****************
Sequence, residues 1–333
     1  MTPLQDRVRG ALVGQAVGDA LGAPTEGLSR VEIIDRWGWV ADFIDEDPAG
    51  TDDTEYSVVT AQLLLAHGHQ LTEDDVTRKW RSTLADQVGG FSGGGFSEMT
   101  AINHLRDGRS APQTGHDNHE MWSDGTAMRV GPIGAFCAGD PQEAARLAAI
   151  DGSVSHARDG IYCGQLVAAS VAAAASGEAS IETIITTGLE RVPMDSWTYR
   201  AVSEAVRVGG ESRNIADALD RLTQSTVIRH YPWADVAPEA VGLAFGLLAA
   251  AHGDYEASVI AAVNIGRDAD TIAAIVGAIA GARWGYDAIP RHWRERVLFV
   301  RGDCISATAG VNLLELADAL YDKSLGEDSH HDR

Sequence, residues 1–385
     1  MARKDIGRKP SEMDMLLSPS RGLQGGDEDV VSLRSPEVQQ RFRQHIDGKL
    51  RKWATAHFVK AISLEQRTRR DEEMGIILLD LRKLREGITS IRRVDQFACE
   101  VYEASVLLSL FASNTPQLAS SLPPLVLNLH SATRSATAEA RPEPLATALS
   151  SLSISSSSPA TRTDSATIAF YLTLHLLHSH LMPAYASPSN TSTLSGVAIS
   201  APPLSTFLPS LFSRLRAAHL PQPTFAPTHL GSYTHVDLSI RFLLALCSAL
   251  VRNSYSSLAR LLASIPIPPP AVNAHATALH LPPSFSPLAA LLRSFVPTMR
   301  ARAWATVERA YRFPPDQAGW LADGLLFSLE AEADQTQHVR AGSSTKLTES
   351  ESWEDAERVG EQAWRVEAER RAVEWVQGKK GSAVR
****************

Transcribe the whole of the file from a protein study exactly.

Sequence, residues 1–333
     1  MTPLQDRVRG ALVGQAVGDA LGAPTEGLSR VEIIDRWGWV ADFIDEDPAG
    51  TDDTEYSVVT AQLLLAHGHQ LTEDDVTRKW RSTLADQVGG FSGGGFSEMT
   101  AINHLRDGRS APQTGHDNHE MWSDGTAMRV GPIGAFCAGD PQEAARLAAI
   151  DGSVSHARDG IYCGQLVAAS VAAAASGEAS IETIITTGLE RVPMDSWTYR
   201  AVSEAVRVGG ESRNIADALD RLTQSTVIRH YPWADVAPEA VGLAFGLLAA
   251  AHGDYEASVI AAVNIGRDAD TIAAIVGAIA GARWGYDAIP RHWRERVLFV
   301  RGDCISATAG VNLLELADAL YDKSLGEDSH HDR

Sequence, residues 1–385
     1  MARKDIGRKP SEMDMLLSPS RGLQGGDEDV VSLRSPEVQQ RFRQHIDGKL
    51  RKWATAHFVK AISLEQRTRR DEEMGIILLD LRKLREGITS IRRVDQFACE
   101  VYEASVLLSL FASNTPQLAS SLPPLVLNLH SATRSATAEA RPEPLATALS
   151  SLSISSSSPA TRTDSATIAF YLTLHLLHSH LMPAYASPSN TSTLSGVAIS
   201  APPLSTFLPS LFSRLRAAHL PQPTFAPTHL GSYTHVDLSI RFLLALCSAL
   251  VRNSYSSLAR LLASIPIPPP AVNAHATALH LPPSFSPLAA LLRSFVPTMR
   301  ARAWATVERA YRFPPDQAGW LADGLLFSLE AEADQTQHVR AGSSTKLTES
   351  ESWEDAERVG EQAWRVEAER RAVEWVQGKK GSAVR